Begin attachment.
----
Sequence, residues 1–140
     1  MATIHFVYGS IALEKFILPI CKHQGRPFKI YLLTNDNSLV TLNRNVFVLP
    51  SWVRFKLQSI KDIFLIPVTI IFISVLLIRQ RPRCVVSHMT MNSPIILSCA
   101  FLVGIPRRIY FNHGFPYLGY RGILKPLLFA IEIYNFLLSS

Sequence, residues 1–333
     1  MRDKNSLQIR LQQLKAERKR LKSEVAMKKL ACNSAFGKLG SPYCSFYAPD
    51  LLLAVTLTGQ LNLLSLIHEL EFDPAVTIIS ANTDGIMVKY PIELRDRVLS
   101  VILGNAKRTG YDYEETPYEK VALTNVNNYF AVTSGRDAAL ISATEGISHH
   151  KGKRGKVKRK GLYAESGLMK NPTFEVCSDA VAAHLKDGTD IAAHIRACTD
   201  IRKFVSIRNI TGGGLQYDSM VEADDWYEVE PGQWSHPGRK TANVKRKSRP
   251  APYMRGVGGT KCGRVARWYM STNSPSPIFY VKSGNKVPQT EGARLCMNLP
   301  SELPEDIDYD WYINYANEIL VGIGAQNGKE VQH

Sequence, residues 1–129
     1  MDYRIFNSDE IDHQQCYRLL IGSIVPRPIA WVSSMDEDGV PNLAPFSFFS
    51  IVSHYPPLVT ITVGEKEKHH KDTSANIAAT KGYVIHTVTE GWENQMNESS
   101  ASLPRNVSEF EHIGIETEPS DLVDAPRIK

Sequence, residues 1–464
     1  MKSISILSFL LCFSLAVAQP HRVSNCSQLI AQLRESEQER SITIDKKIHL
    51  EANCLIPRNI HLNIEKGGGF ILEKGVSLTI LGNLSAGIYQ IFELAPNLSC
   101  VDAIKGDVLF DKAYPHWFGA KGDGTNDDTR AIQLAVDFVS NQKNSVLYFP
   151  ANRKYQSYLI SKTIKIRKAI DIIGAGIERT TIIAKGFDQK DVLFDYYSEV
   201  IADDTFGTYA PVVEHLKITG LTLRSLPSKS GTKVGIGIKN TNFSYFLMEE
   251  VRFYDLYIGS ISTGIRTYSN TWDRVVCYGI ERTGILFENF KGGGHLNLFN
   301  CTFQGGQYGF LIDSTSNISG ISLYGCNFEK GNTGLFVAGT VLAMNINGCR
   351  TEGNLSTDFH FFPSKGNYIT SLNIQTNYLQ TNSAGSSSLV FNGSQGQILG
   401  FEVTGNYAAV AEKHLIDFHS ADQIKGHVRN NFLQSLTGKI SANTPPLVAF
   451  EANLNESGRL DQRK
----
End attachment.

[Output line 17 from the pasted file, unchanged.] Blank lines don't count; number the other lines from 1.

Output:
Sequence, residues 1–464